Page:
In 1922, Sicard and Forestier1 published their first article on the visualization of the tracheobronchial tree by the use of iodized oil 40 per cent (lipiodol). At the present time numerous articles may be found in the literature attesting to the popularity and value of this procedure. Visualization of the bronchi by use of radiopaque mediums had, however, been accomplished earlier in attempts to visualize the esophagus or the stomach. The medium was aspirated, or it entered the bronchus through a tracheo-esophageal fistula, and thus the bronchus was outlined.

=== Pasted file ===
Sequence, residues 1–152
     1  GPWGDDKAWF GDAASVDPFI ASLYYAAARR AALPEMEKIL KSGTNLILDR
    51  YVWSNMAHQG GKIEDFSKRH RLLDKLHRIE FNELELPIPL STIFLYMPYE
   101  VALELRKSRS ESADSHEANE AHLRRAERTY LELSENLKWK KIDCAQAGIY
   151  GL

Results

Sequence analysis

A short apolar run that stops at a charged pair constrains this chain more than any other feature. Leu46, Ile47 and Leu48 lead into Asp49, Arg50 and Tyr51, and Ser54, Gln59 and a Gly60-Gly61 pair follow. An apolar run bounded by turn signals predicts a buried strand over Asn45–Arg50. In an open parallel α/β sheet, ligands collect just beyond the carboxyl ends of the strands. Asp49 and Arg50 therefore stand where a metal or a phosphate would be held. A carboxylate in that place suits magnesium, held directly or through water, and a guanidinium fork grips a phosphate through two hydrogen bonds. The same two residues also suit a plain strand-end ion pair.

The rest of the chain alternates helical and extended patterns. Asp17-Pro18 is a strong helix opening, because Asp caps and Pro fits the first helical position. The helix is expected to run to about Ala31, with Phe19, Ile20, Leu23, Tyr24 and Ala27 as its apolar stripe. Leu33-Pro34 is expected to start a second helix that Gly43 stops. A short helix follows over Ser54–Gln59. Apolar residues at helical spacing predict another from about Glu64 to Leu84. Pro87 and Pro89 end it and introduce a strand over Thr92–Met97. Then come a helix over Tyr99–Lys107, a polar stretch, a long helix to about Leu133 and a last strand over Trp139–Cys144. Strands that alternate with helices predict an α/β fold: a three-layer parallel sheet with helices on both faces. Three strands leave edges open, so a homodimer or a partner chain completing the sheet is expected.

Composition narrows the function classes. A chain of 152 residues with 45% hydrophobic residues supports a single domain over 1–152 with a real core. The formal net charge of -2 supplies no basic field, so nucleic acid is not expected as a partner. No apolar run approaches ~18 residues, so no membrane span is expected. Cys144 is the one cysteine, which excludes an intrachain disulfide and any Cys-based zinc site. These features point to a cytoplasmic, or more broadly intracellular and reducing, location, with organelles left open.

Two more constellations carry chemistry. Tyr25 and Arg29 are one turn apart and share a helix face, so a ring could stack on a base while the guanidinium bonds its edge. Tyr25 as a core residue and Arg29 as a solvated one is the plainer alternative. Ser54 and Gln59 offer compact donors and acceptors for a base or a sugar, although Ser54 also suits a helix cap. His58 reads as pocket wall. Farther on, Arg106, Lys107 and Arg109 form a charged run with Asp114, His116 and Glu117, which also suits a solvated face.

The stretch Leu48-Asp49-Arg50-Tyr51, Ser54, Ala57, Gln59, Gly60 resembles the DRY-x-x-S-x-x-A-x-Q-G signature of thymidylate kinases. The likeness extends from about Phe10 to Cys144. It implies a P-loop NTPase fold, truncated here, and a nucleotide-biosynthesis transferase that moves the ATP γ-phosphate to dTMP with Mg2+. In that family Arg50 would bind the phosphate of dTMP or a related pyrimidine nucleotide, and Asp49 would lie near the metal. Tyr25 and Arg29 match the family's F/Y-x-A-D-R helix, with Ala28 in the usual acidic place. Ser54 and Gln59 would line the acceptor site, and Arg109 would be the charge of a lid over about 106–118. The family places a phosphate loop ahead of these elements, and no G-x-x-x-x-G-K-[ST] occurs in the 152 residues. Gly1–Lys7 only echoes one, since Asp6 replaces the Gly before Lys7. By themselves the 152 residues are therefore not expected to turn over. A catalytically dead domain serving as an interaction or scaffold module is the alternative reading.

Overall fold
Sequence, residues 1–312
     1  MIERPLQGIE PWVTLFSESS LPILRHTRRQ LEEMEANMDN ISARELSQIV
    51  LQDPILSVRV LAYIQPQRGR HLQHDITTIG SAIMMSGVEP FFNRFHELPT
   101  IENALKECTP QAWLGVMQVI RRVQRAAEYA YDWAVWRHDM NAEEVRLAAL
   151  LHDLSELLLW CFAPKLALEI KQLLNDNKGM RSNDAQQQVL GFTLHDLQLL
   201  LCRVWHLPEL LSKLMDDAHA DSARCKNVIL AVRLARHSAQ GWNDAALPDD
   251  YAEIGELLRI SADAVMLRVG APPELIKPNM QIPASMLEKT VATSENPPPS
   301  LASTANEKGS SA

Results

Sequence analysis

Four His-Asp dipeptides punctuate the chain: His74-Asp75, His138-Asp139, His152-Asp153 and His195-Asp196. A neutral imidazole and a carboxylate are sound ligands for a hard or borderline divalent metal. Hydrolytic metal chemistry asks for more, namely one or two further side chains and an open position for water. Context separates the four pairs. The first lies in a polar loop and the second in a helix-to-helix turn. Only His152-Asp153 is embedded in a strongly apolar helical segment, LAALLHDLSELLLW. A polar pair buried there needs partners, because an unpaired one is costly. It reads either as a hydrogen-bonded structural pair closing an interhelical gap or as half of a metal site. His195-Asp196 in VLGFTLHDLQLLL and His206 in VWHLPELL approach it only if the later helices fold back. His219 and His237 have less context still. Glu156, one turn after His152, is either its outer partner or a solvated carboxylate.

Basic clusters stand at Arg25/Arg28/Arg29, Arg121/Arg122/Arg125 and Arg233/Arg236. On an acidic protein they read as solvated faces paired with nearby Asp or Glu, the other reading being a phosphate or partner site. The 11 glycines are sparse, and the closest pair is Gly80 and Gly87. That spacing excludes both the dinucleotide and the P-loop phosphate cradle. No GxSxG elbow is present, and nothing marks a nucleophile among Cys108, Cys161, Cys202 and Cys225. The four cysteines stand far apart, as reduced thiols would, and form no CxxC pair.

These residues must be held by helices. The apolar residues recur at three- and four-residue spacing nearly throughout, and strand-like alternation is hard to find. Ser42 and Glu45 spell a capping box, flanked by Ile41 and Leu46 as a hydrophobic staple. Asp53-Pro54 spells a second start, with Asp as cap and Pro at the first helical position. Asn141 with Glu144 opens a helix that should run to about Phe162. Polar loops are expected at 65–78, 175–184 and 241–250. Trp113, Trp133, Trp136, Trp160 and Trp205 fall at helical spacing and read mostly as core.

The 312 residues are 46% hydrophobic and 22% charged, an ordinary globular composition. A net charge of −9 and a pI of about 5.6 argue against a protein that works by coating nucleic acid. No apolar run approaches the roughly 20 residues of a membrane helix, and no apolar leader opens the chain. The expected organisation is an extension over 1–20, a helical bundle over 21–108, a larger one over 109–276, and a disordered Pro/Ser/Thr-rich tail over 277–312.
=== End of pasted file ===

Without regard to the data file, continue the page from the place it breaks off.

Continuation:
The first definitely successful attempt to outline the tracheobronchial tree should be credited to Jackson.2 In 1918, he reported that dry bismuth subcarbonate insufflated through a bronchoscope is useful in mapping out the tracheobronchial tree in cases in which a foreign body is present far in the upper lobe of the bronchus. He had used this method in
DAVIS JD. ANATOMIC VARIATIONS OF THE NORMAL TRACHEOBRONCHIAL TREE. Arch Otolaryngol. 1929;9(4):404–413. doi:10.1001/archotol.1929.00620030426005
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